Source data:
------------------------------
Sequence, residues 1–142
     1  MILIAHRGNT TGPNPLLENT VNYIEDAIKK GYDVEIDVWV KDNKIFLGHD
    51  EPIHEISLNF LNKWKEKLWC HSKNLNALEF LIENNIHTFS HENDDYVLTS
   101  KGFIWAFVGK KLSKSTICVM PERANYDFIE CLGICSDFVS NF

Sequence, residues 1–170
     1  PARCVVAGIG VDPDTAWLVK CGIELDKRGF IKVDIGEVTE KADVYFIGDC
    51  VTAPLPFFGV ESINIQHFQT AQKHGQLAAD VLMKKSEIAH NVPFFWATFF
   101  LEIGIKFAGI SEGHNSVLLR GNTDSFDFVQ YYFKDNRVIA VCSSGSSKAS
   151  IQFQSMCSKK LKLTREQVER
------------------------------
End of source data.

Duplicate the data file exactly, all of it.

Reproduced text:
Sequence, residues 1–142
     1  MILIAHRGNT TGPNPLLENT VNYIEDAIKK GYDVEIDVWV KDNKIFLGHD
    51  EPIHEISLNF LNKWKEKLWC HSKNLNALEF LIENNIHTFS HENDDYVLTS
   101  KGFIWAFVGK KLSKSTICVM PERANYDFIE CLGICSDFVS NF

Sequence, residues 1–170
     1  PARCVVAGIG VDPDTAWLVK CGIELDKRGF IKVDIGEVTE KADVYFIGDC
    51  VTAPLPFFGV ESINIQHFQT AQKHGQLAAD VLMKKSEIAH NVPFFWATFF
   101  LEIGIKFAGI SEGHNSVLLR GNTDSFDFVQ YYFKDNRVIA VCSSGSSKAS
   151  IQFQSMCSKK LKLTREQVER